The Families First programme promotes joint working by agencies in local authorities to prevent and intervene early with at-risk families, especially those in poverty.

The past year has seen the expansion of Flying Start, with numbers up by one-third to 31,000, keeping the Government roughly on course for its plans to reach a quarter of all four-year-olds by 2016.

In this area the Welsh Government have indeed made some modest progress in narrowing the development gap at age seven between children eligible for free school meals and other children.

But a great deal more needs to be done and not just at the early stages as a newly published report for the Children’s society shows.

Despite the UK having universal free education, children from poor families are seriously disadvantaged according to the Children’s Society.

Parents have to provide an average of £800 per child on additional school costs.  These include uniforms, outside study trips and other materials.

The fact is that many of Wales’s working families don’t earn enough to pay for these ‘extras.’ Consequently the children suffer serious disadvantage to their education.

None of these problems will be solved until real incomes rise. Its not about the minimum wage it should be about ensuring that families have a living wage so that their children thrive and grow.

Children should enjoy their school days. They shouldn’t be made to feel inferior and excluded from the benefits that the school offers kids from  better off families.

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Labour lost

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Johann Lamont stood down as leader of the Scottish Labour party. She accused colleagues of trying to run Scotland “like a branch office of London and describing some of her Westminster colleagues as dinosaurs who do not understand the politics of Scotland in the new post-referendum world.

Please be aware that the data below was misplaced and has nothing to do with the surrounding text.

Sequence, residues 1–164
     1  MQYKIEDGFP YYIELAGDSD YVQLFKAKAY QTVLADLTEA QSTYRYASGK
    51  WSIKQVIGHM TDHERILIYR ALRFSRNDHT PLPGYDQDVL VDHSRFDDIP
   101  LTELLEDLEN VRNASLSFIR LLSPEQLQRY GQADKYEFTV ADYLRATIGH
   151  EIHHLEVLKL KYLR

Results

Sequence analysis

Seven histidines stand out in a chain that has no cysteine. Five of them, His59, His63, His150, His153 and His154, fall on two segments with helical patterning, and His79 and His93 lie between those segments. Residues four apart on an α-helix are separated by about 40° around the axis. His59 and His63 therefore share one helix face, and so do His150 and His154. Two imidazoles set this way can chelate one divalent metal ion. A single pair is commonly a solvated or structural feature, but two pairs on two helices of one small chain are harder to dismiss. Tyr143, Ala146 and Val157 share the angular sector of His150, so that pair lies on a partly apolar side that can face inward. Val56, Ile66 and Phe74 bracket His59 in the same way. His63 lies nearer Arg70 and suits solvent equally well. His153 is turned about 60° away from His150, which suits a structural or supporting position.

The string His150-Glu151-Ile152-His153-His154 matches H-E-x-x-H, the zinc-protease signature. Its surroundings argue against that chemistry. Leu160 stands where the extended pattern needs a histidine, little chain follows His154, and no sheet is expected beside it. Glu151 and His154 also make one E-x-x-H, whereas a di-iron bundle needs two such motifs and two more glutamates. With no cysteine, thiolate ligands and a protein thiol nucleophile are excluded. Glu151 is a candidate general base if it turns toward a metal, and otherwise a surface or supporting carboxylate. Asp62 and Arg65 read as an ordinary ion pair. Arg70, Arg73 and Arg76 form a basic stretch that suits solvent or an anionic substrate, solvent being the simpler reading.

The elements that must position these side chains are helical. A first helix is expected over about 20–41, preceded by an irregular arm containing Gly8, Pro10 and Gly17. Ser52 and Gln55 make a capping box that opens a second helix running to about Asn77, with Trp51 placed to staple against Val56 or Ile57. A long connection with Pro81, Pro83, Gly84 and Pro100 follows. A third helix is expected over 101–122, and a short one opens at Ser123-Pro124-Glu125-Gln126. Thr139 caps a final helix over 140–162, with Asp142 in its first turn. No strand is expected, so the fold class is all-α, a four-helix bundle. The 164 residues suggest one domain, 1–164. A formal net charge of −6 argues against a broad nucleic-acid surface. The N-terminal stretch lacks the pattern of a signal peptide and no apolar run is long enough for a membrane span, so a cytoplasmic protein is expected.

What brought about her resignation was the sacking of the general secretary of Scottish Labour, Ian Price without the London HQ of the party even bothering to consult her.

The truth of the matter is that neither the Scottish nor Welsh Labour parties are anything but branch offices of the centralist party.

Although Carwyn Jones was elected leader of the Welsh Labour party, all the paid officers in the Welsh party HQ are there courtesy of the national executive of the central party.

Just like in Scotland the national party general secretary could invite them to London for a “chat” and promptly give them the boot.

Whilst Wales’s First Minister calls for Home rule his party is very much into central control.

Party candidates have to be approved by the National executive. They can impose their will on local constituencies and also the Welsh party.

The Welsh party may have its own logo and call itself Welsh Labour but make no mistake it’s independent in name only.  Welsh Labour was a branding exercise to allow Rhodri Morgan to claim clear red water between Wales and Blair’s New Labour.

The problem with Labour is that it has never really understood devolution. Its focus first and foremost is Westminster.  Their only concern is that Wales and Scotland provide the cannon fodder of Labour MPs in such quantity to allow a Labour government be formed.

If they had any understanding of Scotland, would they have been seen campaigning alongside and sharing the same platform as the Conservatives in the Better Together campaign? Unlikely, traditional Labour voters saw this as a betrayal.

Although Scotland rejected independence it’s not the SNP that are the losers in eyes of the voters. In the greater Glasgow area, 12 Labour constituencies backed independence. Since the referendum, SNP membership has more than tripled with the party becoming the third largest in the UK.

Meanwhile Labour is in free fall. Sacking their general secretary, losing their leader. Hardly the best background to return Labour MPs.

Henry McLeish, a former Labour first minister, said that Scottish Labour supporters no longer know “what the party stands for.”  They are unlikely to ever “know” until Labour in Scotland and in Wales become independent of the metropolitan clique that control the party.